Thursday 29 October 2009

The Voice - Dear Consumer's Voice

Dear Consumer’s Voice 

I hope you will be able to assist me. In January 2009 I went to Supreme Furniture store and bought a lounge suite on credit for 1 year which will end in December 2009. In February I went back to them to complain about the lounge suite. It took them 4 months to address my complaint after I complained and it was only in June that they finally took my chairs for 6 weeks after they told me that it will only take a week for them to fix the chairs. When they finally returned the chairs they weren’t properly done. They took the sofas for 2 two weeks but still the sofas are not properly done. I complained again and again but to this date they have not responded.

Can you help?

Yes, we can!

This is quite clear. Supreme sold you something that clearly wasn’t “fit for the purpose” as they are required to do by The Consumer Protection Regulations. If you can’t sit on a chair or a sofa only a month after buying it then clearly it’s not of “merchantable quality” and they’ve failed to meet their legal obligations. I also think that by taking so long to fix your furniture (and finally failing to do so) you could argue that they’ve also failed to render a service with “suitable care and skill” as also required by the Regulations.

Surely this would have been a situation where they should just have replaced your goods?

We got in touch with the MD of Supreme and the good news is that he told us you will be getting entirely new furniture from them. It’s a shame this didn’t happen when you first raised the problems but better late than never I suppose.

Let us know when this happens?

Some updates

Expired goods

Last week we reported on the case of the store that had sold a consumer expired baby porridge. She bought it in September and only noticed that it had expired 2 months earlier when her baby got food poisoning and ended up desperately unwell. She approached the store and had apparently been offered a totally non-magnificent P17 (yes, seventeen Pula) in compensation but the store had refused to cover the medical expenses. They said they would be in touch when they processed an insurance claim but following that the consumer reported that they had proved rather elusive.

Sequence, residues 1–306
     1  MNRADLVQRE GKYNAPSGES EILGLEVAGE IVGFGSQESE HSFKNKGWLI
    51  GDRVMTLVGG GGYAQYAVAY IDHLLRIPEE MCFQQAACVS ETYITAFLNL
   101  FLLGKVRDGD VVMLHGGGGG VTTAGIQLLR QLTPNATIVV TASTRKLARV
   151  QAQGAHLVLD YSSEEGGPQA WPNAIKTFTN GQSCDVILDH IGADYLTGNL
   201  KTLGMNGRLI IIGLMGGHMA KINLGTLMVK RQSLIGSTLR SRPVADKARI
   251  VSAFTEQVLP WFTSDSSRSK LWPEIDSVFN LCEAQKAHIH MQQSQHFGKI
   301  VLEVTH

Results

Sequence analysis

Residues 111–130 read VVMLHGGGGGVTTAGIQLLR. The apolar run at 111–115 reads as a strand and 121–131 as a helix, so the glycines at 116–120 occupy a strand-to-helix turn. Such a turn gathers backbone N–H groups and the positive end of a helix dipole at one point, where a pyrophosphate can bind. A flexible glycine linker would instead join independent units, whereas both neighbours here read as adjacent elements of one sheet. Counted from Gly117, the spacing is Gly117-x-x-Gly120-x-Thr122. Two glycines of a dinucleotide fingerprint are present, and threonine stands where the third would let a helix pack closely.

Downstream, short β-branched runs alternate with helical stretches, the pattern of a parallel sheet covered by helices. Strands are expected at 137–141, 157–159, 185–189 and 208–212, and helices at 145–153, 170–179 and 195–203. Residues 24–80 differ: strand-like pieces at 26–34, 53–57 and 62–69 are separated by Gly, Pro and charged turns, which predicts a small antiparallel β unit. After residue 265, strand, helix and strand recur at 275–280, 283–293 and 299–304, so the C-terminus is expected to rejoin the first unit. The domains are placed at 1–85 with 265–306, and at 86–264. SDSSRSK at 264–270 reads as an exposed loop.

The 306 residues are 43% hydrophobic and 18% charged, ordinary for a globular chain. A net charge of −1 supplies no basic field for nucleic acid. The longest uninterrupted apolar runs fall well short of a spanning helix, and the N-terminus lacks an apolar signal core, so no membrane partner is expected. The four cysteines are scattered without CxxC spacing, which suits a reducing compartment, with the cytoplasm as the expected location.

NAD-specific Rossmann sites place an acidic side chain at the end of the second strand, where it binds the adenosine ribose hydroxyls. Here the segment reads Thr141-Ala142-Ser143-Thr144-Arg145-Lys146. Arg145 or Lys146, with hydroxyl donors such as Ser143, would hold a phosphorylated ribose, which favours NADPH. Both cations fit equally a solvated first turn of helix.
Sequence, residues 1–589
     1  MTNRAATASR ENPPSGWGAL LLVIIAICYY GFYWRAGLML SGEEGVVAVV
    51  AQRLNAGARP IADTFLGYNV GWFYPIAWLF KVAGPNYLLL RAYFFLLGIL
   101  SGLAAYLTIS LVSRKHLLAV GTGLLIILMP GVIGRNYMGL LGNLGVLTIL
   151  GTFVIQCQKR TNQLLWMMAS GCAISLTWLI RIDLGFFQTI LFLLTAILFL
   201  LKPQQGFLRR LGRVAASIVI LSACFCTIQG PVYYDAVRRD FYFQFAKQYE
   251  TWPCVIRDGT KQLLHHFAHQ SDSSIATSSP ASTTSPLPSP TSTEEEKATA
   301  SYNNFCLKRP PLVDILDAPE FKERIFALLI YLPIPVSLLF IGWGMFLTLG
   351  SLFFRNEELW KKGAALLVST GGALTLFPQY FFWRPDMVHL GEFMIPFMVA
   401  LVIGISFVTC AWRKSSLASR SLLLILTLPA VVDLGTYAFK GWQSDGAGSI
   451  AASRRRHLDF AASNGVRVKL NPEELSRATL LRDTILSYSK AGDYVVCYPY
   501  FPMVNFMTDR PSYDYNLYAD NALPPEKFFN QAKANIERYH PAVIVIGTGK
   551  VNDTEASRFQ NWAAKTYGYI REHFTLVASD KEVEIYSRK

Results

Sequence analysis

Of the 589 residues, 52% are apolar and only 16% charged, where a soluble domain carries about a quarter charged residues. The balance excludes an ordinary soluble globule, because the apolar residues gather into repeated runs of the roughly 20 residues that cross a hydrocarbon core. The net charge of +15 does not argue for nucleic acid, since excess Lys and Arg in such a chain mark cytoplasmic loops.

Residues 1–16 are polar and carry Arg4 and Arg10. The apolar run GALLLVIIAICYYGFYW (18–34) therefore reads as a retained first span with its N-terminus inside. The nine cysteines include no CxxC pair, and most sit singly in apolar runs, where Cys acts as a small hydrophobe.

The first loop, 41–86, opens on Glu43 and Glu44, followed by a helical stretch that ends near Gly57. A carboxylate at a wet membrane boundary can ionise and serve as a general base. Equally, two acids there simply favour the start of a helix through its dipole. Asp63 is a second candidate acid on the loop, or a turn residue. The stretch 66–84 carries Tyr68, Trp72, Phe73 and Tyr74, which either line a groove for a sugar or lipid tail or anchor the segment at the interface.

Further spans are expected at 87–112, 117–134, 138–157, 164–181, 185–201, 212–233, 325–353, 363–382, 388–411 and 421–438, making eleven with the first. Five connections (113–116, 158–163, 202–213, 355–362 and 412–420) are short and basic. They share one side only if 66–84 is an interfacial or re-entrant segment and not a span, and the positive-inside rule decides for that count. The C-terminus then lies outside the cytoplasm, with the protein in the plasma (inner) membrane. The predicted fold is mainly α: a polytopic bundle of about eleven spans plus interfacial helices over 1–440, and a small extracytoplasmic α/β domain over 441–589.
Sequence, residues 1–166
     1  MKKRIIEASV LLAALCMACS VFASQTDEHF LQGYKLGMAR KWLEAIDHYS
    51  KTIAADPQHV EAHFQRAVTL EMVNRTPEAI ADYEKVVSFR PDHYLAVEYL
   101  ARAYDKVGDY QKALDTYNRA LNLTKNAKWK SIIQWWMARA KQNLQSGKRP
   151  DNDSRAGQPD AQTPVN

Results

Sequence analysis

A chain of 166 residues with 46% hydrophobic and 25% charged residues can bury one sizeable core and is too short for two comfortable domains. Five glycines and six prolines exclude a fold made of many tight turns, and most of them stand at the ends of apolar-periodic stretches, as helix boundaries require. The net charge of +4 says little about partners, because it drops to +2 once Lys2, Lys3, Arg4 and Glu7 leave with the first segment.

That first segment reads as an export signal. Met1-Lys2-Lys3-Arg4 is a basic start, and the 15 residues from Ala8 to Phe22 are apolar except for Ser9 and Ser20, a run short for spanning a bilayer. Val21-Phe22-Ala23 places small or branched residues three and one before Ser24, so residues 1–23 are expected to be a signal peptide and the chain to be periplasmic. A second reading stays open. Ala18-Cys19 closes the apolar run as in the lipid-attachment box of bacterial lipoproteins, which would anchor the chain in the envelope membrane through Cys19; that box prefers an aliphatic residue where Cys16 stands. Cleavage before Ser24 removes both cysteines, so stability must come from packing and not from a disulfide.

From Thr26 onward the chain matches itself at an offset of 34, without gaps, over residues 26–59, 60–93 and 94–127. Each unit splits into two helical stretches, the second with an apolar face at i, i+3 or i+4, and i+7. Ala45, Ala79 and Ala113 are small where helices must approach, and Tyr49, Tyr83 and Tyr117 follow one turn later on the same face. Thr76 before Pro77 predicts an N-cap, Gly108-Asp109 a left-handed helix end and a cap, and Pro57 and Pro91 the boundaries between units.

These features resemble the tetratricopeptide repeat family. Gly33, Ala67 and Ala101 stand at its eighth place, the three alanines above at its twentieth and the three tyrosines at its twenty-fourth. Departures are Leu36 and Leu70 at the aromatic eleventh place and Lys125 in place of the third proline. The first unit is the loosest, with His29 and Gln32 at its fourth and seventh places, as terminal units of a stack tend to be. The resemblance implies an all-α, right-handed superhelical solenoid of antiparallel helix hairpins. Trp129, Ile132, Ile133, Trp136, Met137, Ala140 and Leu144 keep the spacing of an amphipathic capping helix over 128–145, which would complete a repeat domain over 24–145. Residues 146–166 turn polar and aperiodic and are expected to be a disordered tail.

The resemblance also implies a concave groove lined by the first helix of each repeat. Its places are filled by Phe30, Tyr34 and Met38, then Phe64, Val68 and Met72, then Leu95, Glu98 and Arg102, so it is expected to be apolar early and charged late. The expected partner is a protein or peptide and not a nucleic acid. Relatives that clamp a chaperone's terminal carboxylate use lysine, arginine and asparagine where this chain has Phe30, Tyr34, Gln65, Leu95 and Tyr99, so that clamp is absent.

We got in touch with the store, Spar Meriting in Francistown, to see what they were going to do. The store admitted that this incident had happened and assured us that all the expired products had been removed from their shelves as soon as they found out about the problem. However it’s still a little worrying that the goods were on the shelves for TWO MONTHS before anyone noticed. I thought that stores checked these things. In fact I KNOW that stores usually check these things.

The store also told us that they were going to offer the consumer TWICE the purchase cost of the goods. Yes, that’s a massive P34. However on top of that they are indeed going to process an insurance claim to compensate the consumer for the medical bills they incurred treating their baby. They’d better. We’ll let you know when they’ve done this.

GNLD update

Last week we answered a consumer’s question about GNLD, a network marketing company who sell vitamins and supplements. A number of their distributors called us and criticised us for suggesting that consumers should steer clear of any network marketing scheme. I also don’t think they liked us reporting that, on average, about three quarters of all people who get involved in one of these schemes either make no money or end up poorer. Those that do make any money usually make so little that it’s not worth the bother. We also pointed out that unless you are already sick, immuno-compromised or pregnant you don’t need to swallow vitamin pills. Spend the money on fresh fruit and vegetables instead; you’ll be healthier, happier and wealthier.

One caller asked a question that I promised to answer in The Voice. Who allows us to criticise GNLD? The answer is simple, free speech in a democracy allows us. No, in answer to the caller’s other questions we’re not registered as a society, an NGO or (this was the insulting bit) a Government department. Consumer Watchdog is a division (yes, it IS registered with the Registrar of Companies) of a privately owned company. We don’t need a licence to criticise GNLD, we don’t need Government permission and we certainly don’t need GNLD’s permission.

University of SouthCentral Los Angeles

There’s still no response from this pretend university that says it is in Los Angeles but in fact is registered in the British Virgin Islands and sells PhDs for $850 and who got cross when we revealed their scam.
The Voice and Consumer Watchdog 1 : Fake Universities 0.

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